The CCDs used for the telescope's camera were manufactured by Scientific Imaging Technologies Inc. (SITe), in Tigard, Ore. There are 30 CCDs in the camera, butted against one another in a five-by-six array. Each CCD consists of more than four million pixels, each pixel measuring 24 µm on a side, and the entire array has an effective imaging area of 720 cm2. (Another array consisting of twenty-four 2048-by-400 CCDs is used for astrometrics, allowing SDSS researchers to match bright standard stars to celestial objects imaged by the photometric array.) The larger array uses filters to carry out photometry in five colors; at some wavelengths the quantum efficiency of the devices exceeds 80 percent. Pixel arrays this large generate an immense amount of data--up to 200 GB from one night's observation.
Suprime-Cam, the Subaru Prime Focus Camera from Japan, is a wide-field camera consisting of two rows of five CCD chips. As each has 2048 by 4096 pixels, the array totals over 80 million pixels. That's about 10 times as many as in a photograph from a very good 35 mm camera and 40 times as many as in a high-end digital camera. The array sits at the focal point of the 8.2-meter Subaru Telescope on the summit of Mauna Kea, in Hawaii, and covers wavelengths of 300 to 1100 nm. Since its first light two years ago or so, the Suprime-Cam and Subaru, a subsidiary of Tokyo Subaru Motors Co. in Tokyo, have detected some of the faintest galaxies ever to have been observed.
In the works could be the first billion-pixel camera. The hope is that it will uncover what MIT physicist Frank Wilczek called "maybe the most fundamentally mysterious thing in basic science--dark energy." The SuperNova/Acceleration Probe (SNAP) satellite has been proposed by Lawrence Berkeley Laboratory scientists and others. It would consist of a roughly circular CCD array over a third of a meter wide, with a one-square-degree field of view and quantum efficiency greater than 80 percent. Proposed as part of it is a mirror 200 cm in diameter, or only about 16 percent smaller than the Hubble Space Telescope. The mirror and camera are to map over 6000 distant supernovae.
The project could launch as early as 2008. Among the questions about the expansion of the universe it may answer is the puzzling 1998 discovery that the rate of the expansion is accelerating due, apparently, to the mysterious "dark energy" that accounts for as much as two-thirds of the energy density of the universe.
The best is yet to come
"CCDs have been riding the coattails of the boom in integrated chip design," said Burke of MIT Lincoln Laboratory, "[delivering] sensors that do science we couldn't have done 10 or 20 years ago." According to Burke, the CCD designers now confront the need not just to build larger chips but also to further improve quantum efficiencies and reduce noise in the charge-detection circuitry at the CCD's output. While a consumer CCD may have dozens of electrons' worth of noise, the Chandra CCDs have just one or two electrons' worth.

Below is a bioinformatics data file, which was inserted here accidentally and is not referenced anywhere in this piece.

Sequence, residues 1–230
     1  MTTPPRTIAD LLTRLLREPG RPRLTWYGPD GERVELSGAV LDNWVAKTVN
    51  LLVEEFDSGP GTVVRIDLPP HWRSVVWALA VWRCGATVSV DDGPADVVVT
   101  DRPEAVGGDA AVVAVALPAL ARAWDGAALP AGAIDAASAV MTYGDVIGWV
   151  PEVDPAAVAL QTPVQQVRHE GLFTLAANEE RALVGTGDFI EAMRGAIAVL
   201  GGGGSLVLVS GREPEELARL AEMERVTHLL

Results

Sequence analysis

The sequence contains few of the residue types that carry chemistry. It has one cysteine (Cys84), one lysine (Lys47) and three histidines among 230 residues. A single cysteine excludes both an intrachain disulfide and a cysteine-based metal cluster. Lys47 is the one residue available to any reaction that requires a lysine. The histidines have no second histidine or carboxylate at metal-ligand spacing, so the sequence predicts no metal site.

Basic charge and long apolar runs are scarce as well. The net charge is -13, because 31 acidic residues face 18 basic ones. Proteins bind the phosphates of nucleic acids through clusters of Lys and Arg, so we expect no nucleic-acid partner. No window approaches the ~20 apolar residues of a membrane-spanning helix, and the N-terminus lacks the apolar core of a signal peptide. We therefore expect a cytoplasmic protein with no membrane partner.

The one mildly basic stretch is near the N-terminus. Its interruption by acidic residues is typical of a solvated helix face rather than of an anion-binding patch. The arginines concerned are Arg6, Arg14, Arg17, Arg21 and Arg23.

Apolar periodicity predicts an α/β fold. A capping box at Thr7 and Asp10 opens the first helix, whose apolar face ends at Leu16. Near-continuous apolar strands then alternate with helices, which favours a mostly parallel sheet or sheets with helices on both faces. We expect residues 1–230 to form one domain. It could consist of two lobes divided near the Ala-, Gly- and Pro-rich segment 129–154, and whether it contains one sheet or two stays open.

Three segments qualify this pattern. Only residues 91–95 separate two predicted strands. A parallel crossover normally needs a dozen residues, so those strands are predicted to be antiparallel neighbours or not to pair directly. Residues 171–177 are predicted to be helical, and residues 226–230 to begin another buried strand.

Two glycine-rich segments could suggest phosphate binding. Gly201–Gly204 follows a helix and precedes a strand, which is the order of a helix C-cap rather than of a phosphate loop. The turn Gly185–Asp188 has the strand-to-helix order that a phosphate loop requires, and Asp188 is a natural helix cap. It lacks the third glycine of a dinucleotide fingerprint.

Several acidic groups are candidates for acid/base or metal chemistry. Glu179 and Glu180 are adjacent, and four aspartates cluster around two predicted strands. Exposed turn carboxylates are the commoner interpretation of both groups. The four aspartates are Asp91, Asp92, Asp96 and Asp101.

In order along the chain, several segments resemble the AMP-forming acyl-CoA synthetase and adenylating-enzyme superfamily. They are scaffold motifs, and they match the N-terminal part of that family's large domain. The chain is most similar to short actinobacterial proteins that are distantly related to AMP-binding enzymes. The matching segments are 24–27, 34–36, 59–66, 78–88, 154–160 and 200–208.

Increasing yield is also a priority. The yield is the percentage of chips on a wafer that function at a specified performance level. For very large chips this figure can fall as low as 10 percent, but these are the chips that are most desired by astronomers. Scientific CCD designers like those at MIT Lincoln Laboratory must find a balance between yield and chip size (smaller chips require more supporting electronics) that works well and gives a good supply of devices for the astronomy community.
The annual world market for CCDs is about US $1 billion, mostly in digital still cameras and other consumer applications, with scientific CCDs forming a specialized market of about $100 million a year. Clearly, the charge-coupled device is a technology that has fully arrived, threatened only by potential intruders like the CMOS image sensor. CMOS sensors are built on silicon chips, as are CCDs, but, unlike CCDs, have active pixels: that is, the supporting circuitry for the device is located right beside each light receptor.
CMOS chips have carved out about 10 percent of the digital imaging market, mostly in consumer applications. But penetrating the scientific CCD market will be harder.
"CMOS could be another revolution for astronomers," said Jim Janesick, an engineer who studies CMOS sensor performance at semiconductor supplier Conexant Inc., in Newport Beach, Calif. "The main problem is, how do you swing CMOS toward scientific sensors?" he said. He noted that today CMOS wafer production is only for customers who desire several hundred large wafers a week, even if performance suffers a bit.
Janesick believes it will be about five years before CMOS sensors are in a position to threaten scientific CCDs, but that success will require the attention of and input from the scientific community. "The commercial market is demanding, but not like the scientific community," he said. "Barbi-cam cameras aren't as demanding as Keck cameras."
About the Author
DAVID APPELL a contributing editor for IEEE Spectrum, is a free-lance journalist based in Gilford, N.H.
To Probe Further
The Chandra X-Ray Observatory Web site, http://chandra.harvard.edu, contains a wealth of images of celestial objects along with educational material about the telescope and the science of X-ray astronomy.
The Sloan Digital Sky Survey also maintains a very informative Web site at http://www.sdss.org/.
For further discussion of CMOS imagers, see "New CMOS Imager Threatens CCD Supremacy," Spectrum, January 2001, pp. 27–29.